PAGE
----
Why do we do what we do?
At LHFC we are passionate about improving the mental health of Liverpool’s homeless community. That’s why we do what we do.
Football has been a great way to tackle the growing issue of mental illness for a variety of reasons; our players have become part of a community, it provides an opportunity to let out aggression and, most importantly, the exercise has a hugely positive affect on their mental health.
32% of the UK’s homeless population is reported to have a mental health problem, whether that is as a result of homelessness, or the reason that an individual became homeless in the first place. Here at the LHFC we use sport to tackle the growing epidemic of both homelessness and poor mental health.
The foundation of our charity ethos is a desire to support vulnerable people in their journey through poverty and homelessness. By helping them to create their own support strategies, and encourage positive, healthy habits such as exercise, we want to encourage our players to rebuild their lives and look after themselves. A huge part of this is helping people deal with the stress, and often poor mental health, that homelessness can generate. At LHFC we have seen first-hand how sport and exercise can have a huge impact on our players mental wellbeing.
Last year the Faculty of Sports and Exercise Medicine provided evidence to support the relationship between physical movement and mental health. They found that people who participated in regular, daily exercise were 20-30% less likely to experience either anxiety or depression. It was found that exercise has a greater positive affect that antidepressants, with fewer side effects.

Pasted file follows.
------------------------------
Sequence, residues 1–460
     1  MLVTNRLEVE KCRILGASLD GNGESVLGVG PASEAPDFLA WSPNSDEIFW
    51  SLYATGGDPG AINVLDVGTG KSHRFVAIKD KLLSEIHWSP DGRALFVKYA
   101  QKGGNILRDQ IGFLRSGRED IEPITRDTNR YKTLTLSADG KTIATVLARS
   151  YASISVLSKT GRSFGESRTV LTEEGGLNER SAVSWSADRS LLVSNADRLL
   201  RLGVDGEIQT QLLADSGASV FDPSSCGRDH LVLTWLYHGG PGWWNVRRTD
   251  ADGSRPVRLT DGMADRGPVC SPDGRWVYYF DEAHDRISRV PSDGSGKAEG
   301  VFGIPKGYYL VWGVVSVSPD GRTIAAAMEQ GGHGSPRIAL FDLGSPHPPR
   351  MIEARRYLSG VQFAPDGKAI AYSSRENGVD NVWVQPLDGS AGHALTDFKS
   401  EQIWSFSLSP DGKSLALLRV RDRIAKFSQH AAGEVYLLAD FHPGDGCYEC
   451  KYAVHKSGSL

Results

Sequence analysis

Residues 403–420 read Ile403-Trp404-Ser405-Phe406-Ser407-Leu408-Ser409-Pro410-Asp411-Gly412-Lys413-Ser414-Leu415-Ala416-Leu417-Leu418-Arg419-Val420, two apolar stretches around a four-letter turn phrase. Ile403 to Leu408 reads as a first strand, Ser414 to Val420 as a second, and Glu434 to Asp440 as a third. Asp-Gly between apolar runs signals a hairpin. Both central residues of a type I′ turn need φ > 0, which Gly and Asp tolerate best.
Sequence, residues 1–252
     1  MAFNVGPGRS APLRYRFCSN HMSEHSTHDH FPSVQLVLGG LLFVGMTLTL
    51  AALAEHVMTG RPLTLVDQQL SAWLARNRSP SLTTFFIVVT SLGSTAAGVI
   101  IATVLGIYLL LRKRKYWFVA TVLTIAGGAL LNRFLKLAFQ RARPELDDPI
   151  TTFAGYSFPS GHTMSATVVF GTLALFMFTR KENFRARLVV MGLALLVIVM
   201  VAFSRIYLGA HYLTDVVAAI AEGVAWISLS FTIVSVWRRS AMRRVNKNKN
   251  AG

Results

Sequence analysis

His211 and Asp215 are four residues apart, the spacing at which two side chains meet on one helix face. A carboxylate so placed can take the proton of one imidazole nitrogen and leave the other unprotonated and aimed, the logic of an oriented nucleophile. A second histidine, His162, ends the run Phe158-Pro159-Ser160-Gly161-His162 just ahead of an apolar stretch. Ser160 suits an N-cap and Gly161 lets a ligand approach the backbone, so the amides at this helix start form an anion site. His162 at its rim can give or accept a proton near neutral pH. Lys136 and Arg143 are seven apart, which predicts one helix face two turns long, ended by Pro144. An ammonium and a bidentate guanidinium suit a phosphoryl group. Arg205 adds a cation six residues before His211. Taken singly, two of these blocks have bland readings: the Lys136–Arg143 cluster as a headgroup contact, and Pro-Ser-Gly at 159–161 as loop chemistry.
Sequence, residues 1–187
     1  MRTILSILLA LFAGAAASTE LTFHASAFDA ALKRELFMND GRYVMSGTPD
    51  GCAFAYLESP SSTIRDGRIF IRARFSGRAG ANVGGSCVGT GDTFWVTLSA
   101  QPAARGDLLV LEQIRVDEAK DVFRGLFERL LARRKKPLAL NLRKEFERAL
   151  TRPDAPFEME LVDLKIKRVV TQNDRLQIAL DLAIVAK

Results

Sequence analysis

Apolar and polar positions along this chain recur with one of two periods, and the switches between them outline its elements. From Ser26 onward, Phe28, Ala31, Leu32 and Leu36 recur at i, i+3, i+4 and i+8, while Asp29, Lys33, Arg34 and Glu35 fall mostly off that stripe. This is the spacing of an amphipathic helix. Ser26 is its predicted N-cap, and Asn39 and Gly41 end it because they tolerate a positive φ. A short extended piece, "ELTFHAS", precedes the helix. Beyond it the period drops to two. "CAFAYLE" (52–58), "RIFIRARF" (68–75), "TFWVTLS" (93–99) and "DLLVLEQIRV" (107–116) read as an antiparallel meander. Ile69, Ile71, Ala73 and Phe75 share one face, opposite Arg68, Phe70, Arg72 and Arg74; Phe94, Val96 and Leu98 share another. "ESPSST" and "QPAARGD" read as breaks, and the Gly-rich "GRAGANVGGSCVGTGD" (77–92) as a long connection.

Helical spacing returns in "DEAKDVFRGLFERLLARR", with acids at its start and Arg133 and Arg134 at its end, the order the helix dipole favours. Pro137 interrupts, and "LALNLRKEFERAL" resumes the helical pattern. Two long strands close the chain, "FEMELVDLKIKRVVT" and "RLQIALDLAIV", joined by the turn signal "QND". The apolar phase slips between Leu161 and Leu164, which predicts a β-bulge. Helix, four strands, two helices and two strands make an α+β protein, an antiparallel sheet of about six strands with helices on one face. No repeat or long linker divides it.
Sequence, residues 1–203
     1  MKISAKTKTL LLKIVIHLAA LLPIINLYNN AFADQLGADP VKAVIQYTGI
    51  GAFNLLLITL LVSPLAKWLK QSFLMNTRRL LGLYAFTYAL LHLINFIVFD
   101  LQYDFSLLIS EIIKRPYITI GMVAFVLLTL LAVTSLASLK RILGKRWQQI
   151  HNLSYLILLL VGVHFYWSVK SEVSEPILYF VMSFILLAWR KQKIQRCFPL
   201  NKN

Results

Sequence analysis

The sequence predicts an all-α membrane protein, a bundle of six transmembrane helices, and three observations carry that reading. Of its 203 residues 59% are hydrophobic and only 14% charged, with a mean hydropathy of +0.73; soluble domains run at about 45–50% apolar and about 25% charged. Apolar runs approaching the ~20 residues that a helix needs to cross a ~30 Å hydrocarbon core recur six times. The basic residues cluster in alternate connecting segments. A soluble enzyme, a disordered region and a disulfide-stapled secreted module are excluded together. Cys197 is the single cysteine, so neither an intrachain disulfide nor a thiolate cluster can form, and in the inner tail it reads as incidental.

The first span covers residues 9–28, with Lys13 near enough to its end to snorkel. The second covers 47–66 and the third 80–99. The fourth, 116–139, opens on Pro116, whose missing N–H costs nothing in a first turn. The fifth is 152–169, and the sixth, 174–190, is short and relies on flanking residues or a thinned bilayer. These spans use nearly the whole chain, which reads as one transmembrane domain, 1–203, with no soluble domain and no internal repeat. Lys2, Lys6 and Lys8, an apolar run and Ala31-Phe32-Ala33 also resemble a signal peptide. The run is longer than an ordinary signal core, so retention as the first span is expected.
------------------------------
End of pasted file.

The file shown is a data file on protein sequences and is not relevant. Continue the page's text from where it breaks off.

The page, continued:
When you get moving, the good endorphins in your body get pumping. It boosts the brains production of feel-good neurotransmitters and gives you a long-lasting buzz that, over time, can change everything; it can make you happier, give you more energy and lessen your risks of physical health problems like heart disease.
Daily exercise can also reduce stress levels by up to 40%; most of our players have found themselves experiencing poverty and homelessness, which can put a huge amount of stress upon a person. The weight of finding accommodation, looking for employment and, often, fighting off substance abuse and harmful habits, can be monumental; this is exactly why our matches are so important to our players.
Many of our players have said that our match days give them the opportunity to step outside of themselves for a few hours. They’re no longer dealing with the weight of the world, they’re purely focused on the game at hand. Taking time away from their daily stresses can allow them to take a deep breath and gain perspective, as well as giving them that all important respite.
Many studies have also found that regular exercise hugely benefits self-confidence, which is massively important when you’re facing hardship, and trying to rebuild your life from the ground up, like all-too-many of our players are.
When people question our methods or wonder why we promote football in the way that we do, this is what we tell them: “It’s not just about the game, it’s about so much more”.
That is why we play; we hope you’re playing too.